Most households use either heat pumps or furnaces to warm up their homes, both of which are reliable and effective. However, the two systems are quite different. Careful consideration of the various unique characteristics would be vital while making purchasing decisions.
Sizing and Choosing
The choice of heat pump or furnace depends on several factors which impact both systems’ functioning. The equipment needs to reliably and consistently produce the required heating. A HVAC specialist needs to be consulted in order to select the proper size and equipment containing the essential features.
First, the contractor will calculate the amount of heating required for a particular house. This involves evaluation of the home’s thermal and structural attributes. Having calculated the heating load, the specialist will recommend the right size and type of equipment.
Fuel and Power
The locally available fuel and power options also need to be considered. Furnaces use either fossil fuel or electricity, while heat pumps only use the latter. As such, furnaces would be practical for areas with no connection to an electrical grid.
Furnaces work by first detecting indoor temperature then, depending on the level relative to the thermostat setting, automatically turning the equipment on or off. Warm air is conveyed via the ductwork and vents located throughout the house. As the warm air begins to cool, a return mechanism brings it back for filtering, heating and redistribution. This process continues till the indoor temperature rises to the set upper thermostat level.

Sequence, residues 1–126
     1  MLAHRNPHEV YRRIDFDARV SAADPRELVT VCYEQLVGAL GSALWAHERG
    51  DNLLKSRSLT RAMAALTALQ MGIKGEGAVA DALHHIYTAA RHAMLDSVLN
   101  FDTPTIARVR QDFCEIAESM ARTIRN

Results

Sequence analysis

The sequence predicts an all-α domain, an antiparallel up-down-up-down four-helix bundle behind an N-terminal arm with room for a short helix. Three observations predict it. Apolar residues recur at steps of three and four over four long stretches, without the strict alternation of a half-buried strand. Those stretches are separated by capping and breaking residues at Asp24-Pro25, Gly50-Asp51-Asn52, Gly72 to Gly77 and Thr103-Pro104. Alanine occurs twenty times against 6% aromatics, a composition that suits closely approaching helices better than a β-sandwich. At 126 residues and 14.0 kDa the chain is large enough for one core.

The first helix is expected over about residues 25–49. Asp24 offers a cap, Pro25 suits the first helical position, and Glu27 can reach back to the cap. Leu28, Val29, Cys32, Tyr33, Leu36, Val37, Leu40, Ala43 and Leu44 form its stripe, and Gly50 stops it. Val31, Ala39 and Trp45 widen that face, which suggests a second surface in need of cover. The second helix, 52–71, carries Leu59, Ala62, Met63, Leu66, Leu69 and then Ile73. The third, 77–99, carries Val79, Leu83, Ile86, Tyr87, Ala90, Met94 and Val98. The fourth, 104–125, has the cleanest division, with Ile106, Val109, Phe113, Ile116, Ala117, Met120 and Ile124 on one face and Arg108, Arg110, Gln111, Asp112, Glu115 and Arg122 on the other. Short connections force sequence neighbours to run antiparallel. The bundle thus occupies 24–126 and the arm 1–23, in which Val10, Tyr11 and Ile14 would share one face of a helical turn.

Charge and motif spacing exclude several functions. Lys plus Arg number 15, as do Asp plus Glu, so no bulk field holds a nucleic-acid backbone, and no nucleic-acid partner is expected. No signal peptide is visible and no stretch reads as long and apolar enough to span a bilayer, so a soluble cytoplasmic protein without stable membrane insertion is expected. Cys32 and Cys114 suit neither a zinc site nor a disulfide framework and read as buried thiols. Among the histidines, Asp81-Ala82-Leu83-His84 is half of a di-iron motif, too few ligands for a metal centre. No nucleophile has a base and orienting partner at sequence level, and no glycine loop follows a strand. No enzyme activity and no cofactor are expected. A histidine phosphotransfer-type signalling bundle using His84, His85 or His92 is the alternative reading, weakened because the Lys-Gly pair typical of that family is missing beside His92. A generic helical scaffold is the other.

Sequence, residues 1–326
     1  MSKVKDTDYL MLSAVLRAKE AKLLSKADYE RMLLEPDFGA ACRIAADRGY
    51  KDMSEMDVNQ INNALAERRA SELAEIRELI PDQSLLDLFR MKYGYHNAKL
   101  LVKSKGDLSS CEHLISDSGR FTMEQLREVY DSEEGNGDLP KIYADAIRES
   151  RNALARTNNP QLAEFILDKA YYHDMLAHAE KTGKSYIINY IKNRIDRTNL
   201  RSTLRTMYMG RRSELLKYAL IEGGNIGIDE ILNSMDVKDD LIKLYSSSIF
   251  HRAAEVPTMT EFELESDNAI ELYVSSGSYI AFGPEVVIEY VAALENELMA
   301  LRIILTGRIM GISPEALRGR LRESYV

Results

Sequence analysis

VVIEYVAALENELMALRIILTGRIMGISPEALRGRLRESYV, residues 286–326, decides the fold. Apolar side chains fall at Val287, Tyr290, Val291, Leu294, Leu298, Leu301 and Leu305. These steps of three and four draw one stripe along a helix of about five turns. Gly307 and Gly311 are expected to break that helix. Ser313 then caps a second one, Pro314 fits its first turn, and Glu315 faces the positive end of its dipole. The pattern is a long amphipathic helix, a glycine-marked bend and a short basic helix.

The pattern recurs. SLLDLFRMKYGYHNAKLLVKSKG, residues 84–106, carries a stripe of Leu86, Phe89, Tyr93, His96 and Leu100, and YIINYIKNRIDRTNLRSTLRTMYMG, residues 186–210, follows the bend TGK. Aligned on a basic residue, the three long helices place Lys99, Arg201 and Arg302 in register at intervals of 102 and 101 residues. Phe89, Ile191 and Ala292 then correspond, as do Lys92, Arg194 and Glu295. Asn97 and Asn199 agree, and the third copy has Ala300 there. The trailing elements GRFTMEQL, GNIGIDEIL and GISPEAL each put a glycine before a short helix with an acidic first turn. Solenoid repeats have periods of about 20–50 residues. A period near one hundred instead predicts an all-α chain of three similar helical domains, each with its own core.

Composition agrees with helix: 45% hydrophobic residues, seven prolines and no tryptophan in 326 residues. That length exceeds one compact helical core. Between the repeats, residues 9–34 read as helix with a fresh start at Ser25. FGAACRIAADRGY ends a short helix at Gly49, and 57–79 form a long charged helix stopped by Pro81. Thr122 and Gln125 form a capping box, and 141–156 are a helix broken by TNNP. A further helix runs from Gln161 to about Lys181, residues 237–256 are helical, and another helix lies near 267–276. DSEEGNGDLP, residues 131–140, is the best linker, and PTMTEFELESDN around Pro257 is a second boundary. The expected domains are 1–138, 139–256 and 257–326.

Heat pumps work by capturing and moving heat across locations using special refrigerants and a network of coils. There are coils both on the indoor and outdoor units. When the system is heating, the refrigerant in the outdoor coils vaporizes and absorbs heat. This is moved indoors where it condenses to release heat which is distributed by an air handling mechanism. When cooling, this entire process is reversed.
Though both systems offer high efficiency levels, heat pumps are usually better at this when compared to furnaces. Each system has its own performance evaluation technique. The efficiency of furnaces can be boosted using additional devices such as electronic ignitions, dual heat exchangers and variable-speed air handlers. For heat pumps, one could use two-stage thermostats and variable-speed compressors.
While furnaces can be used in most climates, heat pumps tend to lose their efficiency when outdoor temperatures go below freezing point. Supplementary heating coils can be used in such cases to remedy this. Experts recommend using standard heat pumps alongside backup furnaces in a dual-fuel mechanism which switches over to the gas burner when temperatures fall exceedingly low.
One could consult a HVAC professional when deciding between heat pumps and furnaces. They could also offer advice on installation and maintenance of the equipment. Follow us for more articles that will keep your heating and cooling systems running efficiently.